In her stunning first novel, Amy and Isabelle, Elizabeth Strout evokes a teenager's alienation from her distant mother-and a parent's rage at the discovery of her daughter's sexual secrets. In most ways, Isabelle and Amy are like any mother and her sixteen-year-old daughter, a fierce mix of love and loathing exchanged in their every glance. And eating, sleeping, and working side by side in the gossip-ridden mill town of Shirley Falls doesn't help matters. But when Amy is discovered behind the steamed-up windows of a car with her math teacher, the vast and icy distance between mother and daughter becomes unbridgeable.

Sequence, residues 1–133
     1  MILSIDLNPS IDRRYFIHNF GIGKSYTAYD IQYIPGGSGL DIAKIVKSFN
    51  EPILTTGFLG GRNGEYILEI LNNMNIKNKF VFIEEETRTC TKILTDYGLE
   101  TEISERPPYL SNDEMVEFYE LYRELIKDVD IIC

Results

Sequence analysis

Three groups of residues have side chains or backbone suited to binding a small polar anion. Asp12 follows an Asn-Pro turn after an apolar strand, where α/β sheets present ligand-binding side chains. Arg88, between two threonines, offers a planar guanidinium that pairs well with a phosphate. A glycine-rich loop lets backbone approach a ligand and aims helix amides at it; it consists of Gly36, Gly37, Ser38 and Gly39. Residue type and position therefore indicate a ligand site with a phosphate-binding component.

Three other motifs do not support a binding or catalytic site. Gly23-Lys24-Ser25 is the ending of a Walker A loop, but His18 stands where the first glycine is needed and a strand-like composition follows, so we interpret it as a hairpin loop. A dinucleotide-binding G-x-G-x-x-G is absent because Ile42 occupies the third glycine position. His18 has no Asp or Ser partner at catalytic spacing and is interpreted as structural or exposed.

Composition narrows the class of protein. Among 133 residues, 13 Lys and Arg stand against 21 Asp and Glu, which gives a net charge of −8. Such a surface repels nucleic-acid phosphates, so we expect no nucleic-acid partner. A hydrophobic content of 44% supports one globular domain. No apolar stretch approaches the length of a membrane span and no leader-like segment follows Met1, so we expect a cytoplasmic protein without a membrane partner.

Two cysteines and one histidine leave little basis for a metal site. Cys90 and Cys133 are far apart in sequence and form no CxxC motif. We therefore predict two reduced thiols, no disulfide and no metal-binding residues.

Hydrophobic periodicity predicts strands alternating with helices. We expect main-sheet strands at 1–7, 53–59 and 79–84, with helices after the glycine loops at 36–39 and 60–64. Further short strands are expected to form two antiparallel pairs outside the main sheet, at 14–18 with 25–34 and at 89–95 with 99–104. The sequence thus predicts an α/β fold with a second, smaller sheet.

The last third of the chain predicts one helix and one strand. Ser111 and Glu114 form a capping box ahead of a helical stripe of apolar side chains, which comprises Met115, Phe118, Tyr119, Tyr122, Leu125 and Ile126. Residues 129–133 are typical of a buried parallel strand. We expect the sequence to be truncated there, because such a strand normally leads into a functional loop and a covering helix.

As news of the scandal reaches every ear, it is Isabelle who suffers from the harsh judgment of Shirley Falls, intensifying her shame about her own secret past. And as Amy seeks comfort elsewhere, she discovers the fragility of human happiness through other dramas, from the horror of a missing child to the trials of Fat Bev, the community peacemaker.
Witty and often profound, Amy and Isabelle confirms Elizabeth Strout as a powerful new talent.